June 6, 2011
It is the beginning of my 3rd full day in China and, as usual, my head is full of new information, new questions, and ideas. I last wrote to you before I was heading to the celebration of the new library in Tongji Village. This village used to be home to many Shanghaineese. Most have moved out to modern residences or have retrofitted their living space in the village. The remaining dwellings are rented by members of the floating population. These families come from ten to 15 different provinces across China. They are almost exclusively Han Chinese. From what I’ve read, the ethnic minority groups are less likely to be inclined to migrate. The families are literate at the middle school level.
People rent a room in this village meaning that a family of up to five can live in one room with no heat, air conditioning or individual plumbing. Most parents in the village work 12 hours days. From what the social workers and students working there tell me, there are significant numbers of mothers who stay at home watching children. There is a lot of concern about these mothers’ parenting practices and their ability to help their children with their school work. I have to wonder what kind of mother I would be in such circumstances. Where would one sit to help children with homework? How would I get them to concentrate in the winter when it was cold and there was no heat? How would I encourage them to play when there is very little green space that does not appear to be used as a space for garbage? In truth, kids will figure out ways to play in most any situation but still…
As I reflect on what I saw in the village, I find myself alternating between trying to focus on strengths – such as the fact that the children I saw looked generally properly clothed and well fed and the amazing variety of small shops and fresh vegetable stands that were present – and the threat of public health disasters that seemed endemic to the place. From what I’ve been reading, the rural health system in China is under greater and greater strain and the municipal government in Shanghai is not, under the current system, responsible for the health of the floating population. Therefore, children living in Tongji village and the 10 other villages like it in Shanghai can get care like immunizations if their parents choose to take them to a local hospital and pay for such services. The extent to which that actually happens appears to be unknown. I have no idea what happens with sewage, who would know about or take care of a tuberculosis outbreak, the list goes on…Of course, there are likely answers to these questions so I will keep my ears open and try to learn more.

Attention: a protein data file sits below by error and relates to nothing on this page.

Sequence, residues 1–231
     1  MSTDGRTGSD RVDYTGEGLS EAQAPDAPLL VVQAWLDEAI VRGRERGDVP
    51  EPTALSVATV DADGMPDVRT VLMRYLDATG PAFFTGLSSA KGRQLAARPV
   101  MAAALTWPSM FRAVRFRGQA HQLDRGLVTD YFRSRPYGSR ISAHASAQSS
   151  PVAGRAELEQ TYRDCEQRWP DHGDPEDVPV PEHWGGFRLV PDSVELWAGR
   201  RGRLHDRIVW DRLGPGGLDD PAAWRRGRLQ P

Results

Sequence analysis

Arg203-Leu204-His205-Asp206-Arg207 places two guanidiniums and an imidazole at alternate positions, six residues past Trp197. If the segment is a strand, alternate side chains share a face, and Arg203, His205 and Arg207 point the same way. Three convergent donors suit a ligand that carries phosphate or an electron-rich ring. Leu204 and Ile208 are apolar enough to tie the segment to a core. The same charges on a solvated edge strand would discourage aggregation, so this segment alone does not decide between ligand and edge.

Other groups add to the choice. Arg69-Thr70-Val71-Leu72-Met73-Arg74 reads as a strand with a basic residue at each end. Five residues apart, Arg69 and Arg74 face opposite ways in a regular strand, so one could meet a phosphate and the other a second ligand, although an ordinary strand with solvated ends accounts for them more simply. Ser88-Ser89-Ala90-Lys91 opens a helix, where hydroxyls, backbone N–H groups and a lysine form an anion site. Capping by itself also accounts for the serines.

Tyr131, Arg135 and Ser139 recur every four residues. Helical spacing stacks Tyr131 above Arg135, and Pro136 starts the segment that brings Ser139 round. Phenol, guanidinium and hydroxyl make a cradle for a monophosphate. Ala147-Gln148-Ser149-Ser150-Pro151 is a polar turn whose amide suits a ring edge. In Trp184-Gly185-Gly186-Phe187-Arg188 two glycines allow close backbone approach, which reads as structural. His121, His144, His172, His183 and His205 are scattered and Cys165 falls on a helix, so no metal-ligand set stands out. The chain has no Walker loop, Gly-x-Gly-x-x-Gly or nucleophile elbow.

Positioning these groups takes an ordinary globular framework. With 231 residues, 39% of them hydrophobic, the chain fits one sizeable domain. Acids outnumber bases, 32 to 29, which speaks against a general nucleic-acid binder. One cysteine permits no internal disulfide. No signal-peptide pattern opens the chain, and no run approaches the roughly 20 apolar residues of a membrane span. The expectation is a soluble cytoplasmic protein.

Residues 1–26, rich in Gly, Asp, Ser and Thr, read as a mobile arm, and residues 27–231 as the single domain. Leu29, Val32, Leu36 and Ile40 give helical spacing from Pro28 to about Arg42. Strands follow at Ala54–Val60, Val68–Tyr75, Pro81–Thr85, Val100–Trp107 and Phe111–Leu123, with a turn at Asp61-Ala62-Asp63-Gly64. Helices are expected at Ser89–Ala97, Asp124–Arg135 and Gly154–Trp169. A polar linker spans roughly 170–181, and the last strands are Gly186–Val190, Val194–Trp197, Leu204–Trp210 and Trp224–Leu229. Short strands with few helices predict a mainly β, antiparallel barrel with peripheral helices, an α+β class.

All of this leaves me wondering what I’m doing here and what I have to offer. My Chinese colleagues are involved in the village, getting to know families, helping to problem-solve, and provide other services. So, I take a deep breath and do what we said we were going to do – engage in a participatory research project that will give members of this community a chance to tell their story through the use of photographs. Whether that is enough to offer, I don’t know. But at the moment it is all I have.